Review: 'Operation Mincemeat' will jolt you with surprises you don't see coming

Sometimes a shamelessly retro wartime romance is all the escape you need.

May 13, 2022, 4:02 AM
PHOTO: Matthew Macfadyen as Charles Cholmondeley, Colin Firth as Ewen Montagu and Johnny Flynn as Ian Fleming in a scene from "Operation Mincemeat."
Matthew Macfadyen as Charles Cholmondeley, Colin Firth as Ewen Montagu and Johnny Flynn as Ian Fleming in a scene from "Operation Mincemeat."
Giles Keyte/See-Saw Films/Courtesy of Netflix

Sometimes a smart, suspenseful, shamelessly retro wartime romance is all the escape you need. The fact that it’s true is icing on the cake. So stream over to Netflix, where “Operation Mincemeat” works magic as a WW2 adventure about the Brits putting one over on Hitler.

Colin Firth, the “King’s Speech” Oscar winner currently playing devilishly against type as the wicked murder suspect on “The Staircase, ” leads a perfect cast as Commander Ewen Montagu, an officer and gentleman with an outlandish plan to turn a corpse into a war hero.

PHOTO: Colin Firth as Ewen Montagu and Matthew Macfadyen as Charles Cholmondeley in a scene from "Operation Mincemeat."
Colin Firth as Ewen Montagu and Matthew Macfadyen as Charles Cholmondeley in a scene from "Operation Mincemeat."
Giles Keyte/See-Saw Films via Courtesy of Netflix

His partner in the deception is Royal Air Force Lieutenant Charles Cholmondeley, played by Matthew Macfadyen, the delicious, Cousin Greg-needling Tom Wambsgans on “Succession.” The two practice to deceive the German high command with the help of fellow intelligence officer Ian Fleming (yes, the James Bond creator himself, acted with sly wit by Johnny Flynn).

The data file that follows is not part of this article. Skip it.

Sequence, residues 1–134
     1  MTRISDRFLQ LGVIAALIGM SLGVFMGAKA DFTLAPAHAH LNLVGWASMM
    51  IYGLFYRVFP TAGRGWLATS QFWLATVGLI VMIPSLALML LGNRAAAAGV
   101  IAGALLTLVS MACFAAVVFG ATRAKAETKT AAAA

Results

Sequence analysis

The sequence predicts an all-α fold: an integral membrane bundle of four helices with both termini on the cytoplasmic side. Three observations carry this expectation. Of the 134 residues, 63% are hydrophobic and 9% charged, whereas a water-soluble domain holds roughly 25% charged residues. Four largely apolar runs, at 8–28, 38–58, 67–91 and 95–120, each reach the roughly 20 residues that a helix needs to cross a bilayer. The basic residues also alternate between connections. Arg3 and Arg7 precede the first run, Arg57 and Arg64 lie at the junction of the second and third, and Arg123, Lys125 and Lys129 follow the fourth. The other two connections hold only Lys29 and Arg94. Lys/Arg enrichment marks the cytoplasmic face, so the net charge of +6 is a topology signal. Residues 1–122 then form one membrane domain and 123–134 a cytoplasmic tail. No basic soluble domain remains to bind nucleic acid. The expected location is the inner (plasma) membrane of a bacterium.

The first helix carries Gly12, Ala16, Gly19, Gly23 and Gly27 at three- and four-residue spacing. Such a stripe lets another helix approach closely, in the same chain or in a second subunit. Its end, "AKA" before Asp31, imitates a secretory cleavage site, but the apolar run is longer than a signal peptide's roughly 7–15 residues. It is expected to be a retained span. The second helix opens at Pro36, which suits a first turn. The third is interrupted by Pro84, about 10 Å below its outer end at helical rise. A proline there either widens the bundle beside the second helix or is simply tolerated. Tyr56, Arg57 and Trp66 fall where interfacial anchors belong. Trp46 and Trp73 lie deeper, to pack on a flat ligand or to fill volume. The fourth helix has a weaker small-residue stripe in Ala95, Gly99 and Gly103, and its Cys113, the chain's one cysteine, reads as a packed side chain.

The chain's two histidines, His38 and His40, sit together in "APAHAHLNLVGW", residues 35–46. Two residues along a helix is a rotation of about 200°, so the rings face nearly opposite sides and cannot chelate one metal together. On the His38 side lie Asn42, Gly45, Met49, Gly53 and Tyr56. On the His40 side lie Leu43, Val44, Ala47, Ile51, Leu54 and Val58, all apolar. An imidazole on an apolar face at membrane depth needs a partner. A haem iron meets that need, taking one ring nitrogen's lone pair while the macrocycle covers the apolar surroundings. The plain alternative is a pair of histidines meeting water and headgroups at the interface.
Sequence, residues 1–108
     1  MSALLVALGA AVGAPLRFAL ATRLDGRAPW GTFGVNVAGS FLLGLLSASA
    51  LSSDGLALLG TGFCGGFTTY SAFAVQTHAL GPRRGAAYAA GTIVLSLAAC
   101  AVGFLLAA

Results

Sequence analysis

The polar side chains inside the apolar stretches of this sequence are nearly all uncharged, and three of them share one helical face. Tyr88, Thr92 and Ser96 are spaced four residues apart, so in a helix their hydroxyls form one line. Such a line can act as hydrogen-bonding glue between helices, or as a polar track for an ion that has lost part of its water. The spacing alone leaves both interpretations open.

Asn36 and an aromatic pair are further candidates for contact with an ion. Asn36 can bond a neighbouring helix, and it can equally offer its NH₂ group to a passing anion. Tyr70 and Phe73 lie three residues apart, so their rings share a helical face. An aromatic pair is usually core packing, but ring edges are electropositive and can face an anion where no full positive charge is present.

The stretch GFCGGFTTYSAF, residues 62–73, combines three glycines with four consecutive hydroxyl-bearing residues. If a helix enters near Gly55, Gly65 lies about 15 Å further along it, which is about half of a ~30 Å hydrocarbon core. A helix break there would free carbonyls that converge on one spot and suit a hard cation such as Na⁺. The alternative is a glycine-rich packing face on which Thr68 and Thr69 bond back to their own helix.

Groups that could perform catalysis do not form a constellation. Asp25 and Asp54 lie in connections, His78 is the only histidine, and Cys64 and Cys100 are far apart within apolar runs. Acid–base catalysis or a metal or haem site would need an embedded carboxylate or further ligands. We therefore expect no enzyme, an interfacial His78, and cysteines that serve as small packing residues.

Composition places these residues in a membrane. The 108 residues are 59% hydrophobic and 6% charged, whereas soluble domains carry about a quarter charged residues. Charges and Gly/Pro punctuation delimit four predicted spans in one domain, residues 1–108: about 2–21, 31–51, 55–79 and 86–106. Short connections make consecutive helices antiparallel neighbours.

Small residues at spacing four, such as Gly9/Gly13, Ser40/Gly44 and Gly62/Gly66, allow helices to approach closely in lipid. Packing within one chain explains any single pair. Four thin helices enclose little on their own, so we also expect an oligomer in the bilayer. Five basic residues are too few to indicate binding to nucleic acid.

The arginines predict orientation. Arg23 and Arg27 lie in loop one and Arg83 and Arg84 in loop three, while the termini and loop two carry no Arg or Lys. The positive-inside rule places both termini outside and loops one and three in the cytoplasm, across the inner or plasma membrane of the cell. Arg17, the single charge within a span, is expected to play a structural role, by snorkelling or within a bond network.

The plan, nicknamed Operation Mincemeat after Operation Trojan Horse was thought too on the nose, is daringly ingenious: Find a dead soldier’s body and plant it with misleading military documents to fool the Nazis into thinking the Allied point-of-attack is Greece, and not Sicily.

Unorthodox? To say the least. But Ewen and Charles keep pushing, using the corpse of a homeless person, dubbed Captain William Martin, and providing the courier who never was with a backstory that even German agents might see the truth in its very improbability.

It’s a daunting task, requiring months of plotting. Co-conspirators include the department’s Helen Leggett (a superb Penelope Wilton), who pens a love letter for the captain And then there’s an office worker, the widowed Jean Leslie (a funny, touching Kelly Macdonald), who poses for a photo with the dressed corpse to add plausibility to the trickery.

There are many variables. How can the Allies be sure that Hitler’s forces will even find the body of the courier floating in the sea, much less believe the documents and photos in his possession? Look, it happened, so let truth be your guide through the nail-biting tension.

PHOTO: Matthew Macfadyen as Charles Cholmondeley, Colin Firth as Ewen Montagu and Johnny Flynn as Ian Fleming in a scene from "Operation Mincemeat."
Matthew Macfadyen as Charles Cholmondeley, Colin Firth as Ewen Montagu and Johnny Flynn as Ian Fleming in a scene from "Operation Mincemeat."
Giles Keyte/See-Saw Films/Courtesy of Netflix

And the love triangle that pivots around Ewen and Charles both falling for Jean works like a charm because screenwriter Michelle Ashford never strains credulity by introducing sappy into her adaptation of Ben Macintyre’s 2010 book.

Director John Madden (“Shakespeare in Love”) keeps the plot percolating, but it's Firth and Macfadyen who draw us into the lives of their characters. Charles yearns for Jean, though it's Ewen, with a Jewish wife and children he’s sent to America for safety, who captures her heart.

And any true romantics watching will swoon at the sight of these dueling Darcys. Firth indelibly played Mr. Darcy in the 1995 TV series of Jane Austen’s classic “Pride and Prejudice” and Macfadyen took the same role in the acclaimed 2005 film, directed by Joe Wright.

Still, comparisons fade as the film proves the axiom that truth is stranger than fiction, able to jolt you with surprises you don’t see coming. In its celebration of the unlikely heroes behind the battle lines, “Operation Mincemeat” is a spellbinder you won’t forget.

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